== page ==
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It was really concrete/brick waterproofing sealants that I was thinking about, but I assume that you have already done that. It also sounds like you have done a couple of the other tricks on the following guides as well, they are worth looking at regardless.

http://www.wikihow.com/Waterproof-Your-Basement

http://www.handymanusa.com/articles/drybasement.html

As far as moisture producing machinery is concerned I was thinking along the lines of products such as the following ones.

http://knowhow.com/article.dhtml?articl ... country=uk

A condensing Tumble Dryer will usually have a built in sealed plastic container that you simply take out of the machine and pour away when you have done a cycle, so all of the water from the machine is contained and does not become airborne, which has obvious ramifications for the air/moisture levels. My brother has one in his garage, you would not know that it waqs there, the air/moisture levels are exactly the same as the rest of the house.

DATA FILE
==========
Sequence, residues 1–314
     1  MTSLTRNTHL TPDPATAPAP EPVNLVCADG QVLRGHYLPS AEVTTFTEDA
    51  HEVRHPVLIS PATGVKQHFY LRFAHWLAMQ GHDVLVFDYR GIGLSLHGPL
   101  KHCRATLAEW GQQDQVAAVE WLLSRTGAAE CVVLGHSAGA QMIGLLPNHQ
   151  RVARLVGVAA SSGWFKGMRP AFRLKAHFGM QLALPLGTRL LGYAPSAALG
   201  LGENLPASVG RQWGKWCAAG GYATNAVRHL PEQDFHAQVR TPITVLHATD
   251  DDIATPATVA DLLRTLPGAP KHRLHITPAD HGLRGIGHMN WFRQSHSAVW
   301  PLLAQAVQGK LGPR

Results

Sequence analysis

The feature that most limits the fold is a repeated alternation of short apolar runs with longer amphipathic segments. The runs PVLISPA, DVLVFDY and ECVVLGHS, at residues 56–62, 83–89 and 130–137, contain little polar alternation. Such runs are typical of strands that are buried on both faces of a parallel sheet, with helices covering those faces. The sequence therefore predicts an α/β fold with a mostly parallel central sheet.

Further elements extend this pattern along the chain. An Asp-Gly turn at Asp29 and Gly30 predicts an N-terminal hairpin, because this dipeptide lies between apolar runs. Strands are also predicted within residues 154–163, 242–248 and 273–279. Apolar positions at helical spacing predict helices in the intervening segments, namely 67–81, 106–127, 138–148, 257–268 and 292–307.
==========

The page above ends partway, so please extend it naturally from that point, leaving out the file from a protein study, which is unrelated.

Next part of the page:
Andy

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 Post subject: Re: Getting my feet wet with a small scale solar project.
PostPosted: Thu Nov 15, 2012 12:39 pm 
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Andy,
As a winter project I should probably address the joint where the cellar floor and the cellar walls meet next. It doesn't sound like as much fun, but it would probably return the greatest benefits.

Another problem is that Drylock was painted on my cellar walls over 30 years ago, now it's falling off. I can't just paint over it, I need to remove everything that's loose.

Thanks for your input.
Aris

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 Post subject: Re: Getting my feet wet with a small scale solar project.
PostPosted: Thu Nov 15, 2012 2:35 pm 
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Good luck, it sounds like a project that is going to be hard work and almost certainly wont go smoothly.


Andy